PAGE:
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Economics and the History of Boardgames
Board games existed thousand of years before the birth of Christ. The oldest board game known to man that still exists today is the game of Senet. Senet is a game of luck, and it is the known forerunner of another famous board game, backgammon. Senet was played by the Egyptian royalties and records of the game date back to 3500BC. Even commoners were also interested in the game, and ancient game boards were found in many burial sites.
Board games are closely associated to the economic status of the people in the area. Board games are sit down games where people sit down and spend time playing without breaking a sweat. These are also the type of games which require a certain degree of knowledge and quick wit. These factors are essential in knowing the development of the game, especially in its popularity in history.
Considering these factors, we can say that people from the middle class were fortunate enough to play board games. Modern history is the best witness to this trend. It was only during the 20th century that worldwide attention to board games started. After the World War II, there was a significant rise of the middle class in the USA, and people were living the “American dream” – a decent and stable job for the father, a stay at home mom, and kids that are assured of their future in any given career. People now have time to think of themselves and not fear any wars or economic meltdown. People started to notice more games that were around them. Some took notice of alternate sports, and board games started to flourish since that time.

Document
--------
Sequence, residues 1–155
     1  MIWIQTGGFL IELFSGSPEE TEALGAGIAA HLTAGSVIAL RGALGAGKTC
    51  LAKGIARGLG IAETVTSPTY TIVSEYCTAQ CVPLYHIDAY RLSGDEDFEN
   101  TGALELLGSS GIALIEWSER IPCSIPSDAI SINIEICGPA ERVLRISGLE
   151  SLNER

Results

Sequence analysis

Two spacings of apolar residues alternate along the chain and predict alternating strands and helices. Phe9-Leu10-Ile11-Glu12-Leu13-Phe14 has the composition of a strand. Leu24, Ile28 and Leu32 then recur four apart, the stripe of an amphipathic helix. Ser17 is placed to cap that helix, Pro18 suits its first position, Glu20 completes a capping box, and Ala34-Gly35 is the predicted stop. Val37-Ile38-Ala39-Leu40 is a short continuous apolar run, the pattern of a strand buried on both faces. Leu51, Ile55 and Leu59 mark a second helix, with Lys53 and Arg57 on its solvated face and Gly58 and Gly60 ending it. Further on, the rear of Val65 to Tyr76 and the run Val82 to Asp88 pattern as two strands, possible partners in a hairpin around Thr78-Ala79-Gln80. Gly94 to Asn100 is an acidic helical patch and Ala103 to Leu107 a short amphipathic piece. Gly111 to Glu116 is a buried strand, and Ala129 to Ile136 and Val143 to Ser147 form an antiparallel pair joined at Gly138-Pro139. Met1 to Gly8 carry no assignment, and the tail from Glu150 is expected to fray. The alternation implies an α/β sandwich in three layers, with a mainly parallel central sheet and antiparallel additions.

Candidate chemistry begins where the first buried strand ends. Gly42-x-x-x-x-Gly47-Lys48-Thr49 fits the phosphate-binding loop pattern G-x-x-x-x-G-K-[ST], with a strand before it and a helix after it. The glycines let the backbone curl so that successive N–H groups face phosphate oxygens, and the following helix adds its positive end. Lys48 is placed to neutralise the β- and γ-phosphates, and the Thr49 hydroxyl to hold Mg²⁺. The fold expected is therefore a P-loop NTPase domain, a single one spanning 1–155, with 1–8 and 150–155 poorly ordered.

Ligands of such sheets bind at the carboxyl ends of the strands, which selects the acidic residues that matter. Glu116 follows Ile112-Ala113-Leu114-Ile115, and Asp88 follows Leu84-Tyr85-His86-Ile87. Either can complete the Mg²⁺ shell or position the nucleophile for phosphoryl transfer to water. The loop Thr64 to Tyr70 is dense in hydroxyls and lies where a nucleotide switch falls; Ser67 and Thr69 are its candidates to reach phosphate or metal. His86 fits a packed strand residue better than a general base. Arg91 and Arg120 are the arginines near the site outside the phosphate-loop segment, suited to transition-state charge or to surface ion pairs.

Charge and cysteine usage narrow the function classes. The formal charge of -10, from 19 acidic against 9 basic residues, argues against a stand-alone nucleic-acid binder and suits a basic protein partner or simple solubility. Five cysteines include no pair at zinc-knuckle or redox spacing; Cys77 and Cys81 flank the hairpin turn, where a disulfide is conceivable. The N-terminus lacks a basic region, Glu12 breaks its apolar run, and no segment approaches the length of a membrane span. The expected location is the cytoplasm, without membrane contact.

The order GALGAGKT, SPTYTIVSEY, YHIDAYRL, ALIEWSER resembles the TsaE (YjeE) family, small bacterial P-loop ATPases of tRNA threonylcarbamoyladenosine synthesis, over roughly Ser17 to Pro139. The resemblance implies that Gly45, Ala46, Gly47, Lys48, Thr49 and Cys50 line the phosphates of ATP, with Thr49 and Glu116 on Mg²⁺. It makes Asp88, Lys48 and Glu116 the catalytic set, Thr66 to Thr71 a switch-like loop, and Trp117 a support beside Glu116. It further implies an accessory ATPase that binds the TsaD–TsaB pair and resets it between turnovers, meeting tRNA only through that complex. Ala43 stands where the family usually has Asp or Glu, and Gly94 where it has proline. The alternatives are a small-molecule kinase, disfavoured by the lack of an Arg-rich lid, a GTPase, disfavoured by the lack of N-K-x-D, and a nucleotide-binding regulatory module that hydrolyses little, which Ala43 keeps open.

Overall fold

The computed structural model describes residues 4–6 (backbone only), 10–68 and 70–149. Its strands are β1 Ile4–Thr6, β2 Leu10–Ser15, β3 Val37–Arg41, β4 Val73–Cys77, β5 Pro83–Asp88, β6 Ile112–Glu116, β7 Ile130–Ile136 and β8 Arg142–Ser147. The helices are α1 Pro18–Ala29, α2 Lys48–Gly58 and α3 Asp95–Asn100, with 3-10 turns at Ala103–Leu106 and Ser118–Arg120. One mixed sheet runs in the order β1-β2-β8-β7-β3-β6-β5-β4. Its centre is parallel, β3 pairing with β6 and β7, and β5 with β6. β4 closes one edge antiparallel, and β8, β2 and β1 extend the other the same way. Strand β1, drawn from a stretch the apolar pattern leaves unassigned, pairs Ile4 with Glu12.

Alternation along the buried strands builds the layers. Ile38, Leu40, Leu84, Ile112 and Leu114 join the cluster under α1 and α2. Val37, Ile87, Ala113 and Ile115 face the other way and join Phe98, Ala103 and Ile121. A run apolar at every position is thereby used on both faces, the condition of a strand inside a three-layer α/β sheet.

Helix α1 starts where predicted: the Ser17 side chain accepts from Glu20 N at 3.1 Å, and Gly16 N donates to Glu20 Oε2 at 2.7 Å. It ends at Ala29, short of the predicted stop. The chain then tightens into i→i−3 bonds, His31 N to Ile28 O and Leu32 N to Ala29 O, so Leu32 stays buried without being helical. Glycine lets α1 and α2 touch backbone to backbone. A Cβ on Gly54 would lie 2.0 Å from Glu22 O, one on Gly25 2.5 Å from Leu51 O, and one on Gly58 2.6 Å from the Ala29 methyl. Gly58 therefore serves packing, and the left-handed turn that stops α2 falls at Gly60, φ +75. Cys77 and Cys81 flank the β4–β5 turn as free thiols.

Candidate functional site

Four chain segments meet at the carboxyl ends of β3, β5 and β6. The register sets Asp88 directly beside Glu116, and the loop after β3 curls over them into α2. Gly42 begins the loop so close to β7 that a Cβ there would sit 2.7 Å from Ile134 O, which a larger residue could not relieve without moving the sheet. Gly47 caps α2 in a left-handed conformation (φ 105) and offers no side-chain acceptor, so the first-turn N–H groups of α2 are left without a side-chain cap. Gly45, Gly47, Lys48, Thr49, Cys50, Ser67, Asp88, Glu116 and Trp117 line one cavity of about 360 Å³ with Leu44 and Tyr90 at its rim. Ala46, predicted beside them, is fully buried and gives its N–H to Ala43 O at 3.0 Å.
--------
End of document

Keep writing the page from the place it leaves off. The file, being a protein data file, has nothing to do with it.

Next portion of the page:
It was particularly the game of chess that captivated everyone. During that time, chess was already an established sport and world the world champions are mostly Russians. Russians were particularly meticulous in this type of sport and showed excellence for more than a century since the establishment of professional chess. Though chess was loved by the Americans for some time, it was only in the 1970s that the U.S. was able to produce their sole chess champion to date: Bobby Fischer. Fischer became the world champion in 1972 when he defeated Boris Spassky, a Soviet world champion. It was through his victory he single handedly created a sensation of chess worldwide, especially in USA. However, the United States has yet to produce the next Bobby Fischer.
Even with this drought, board games are still popular in the United States. Worldwide interest was also sparked by the computer and internet. In addition to chess, softwares was developed to create artificial intelligence. These AIs will play against the human player who likes to play the game but couldn’t find someone to play with. The height of artificial intelligence against a human player is a chess game between then world champion Gary Kasparov and the software developed by IBM, Deep Blue. At first Kasparov was able to defeat the computer, but its upgraded version known as the Deeper Blue eventually defeated the champion. The software was discontinued after its victory. This competition also sparked the interest of playing chess against the computer, but also against another player who happens to be online at the same time.
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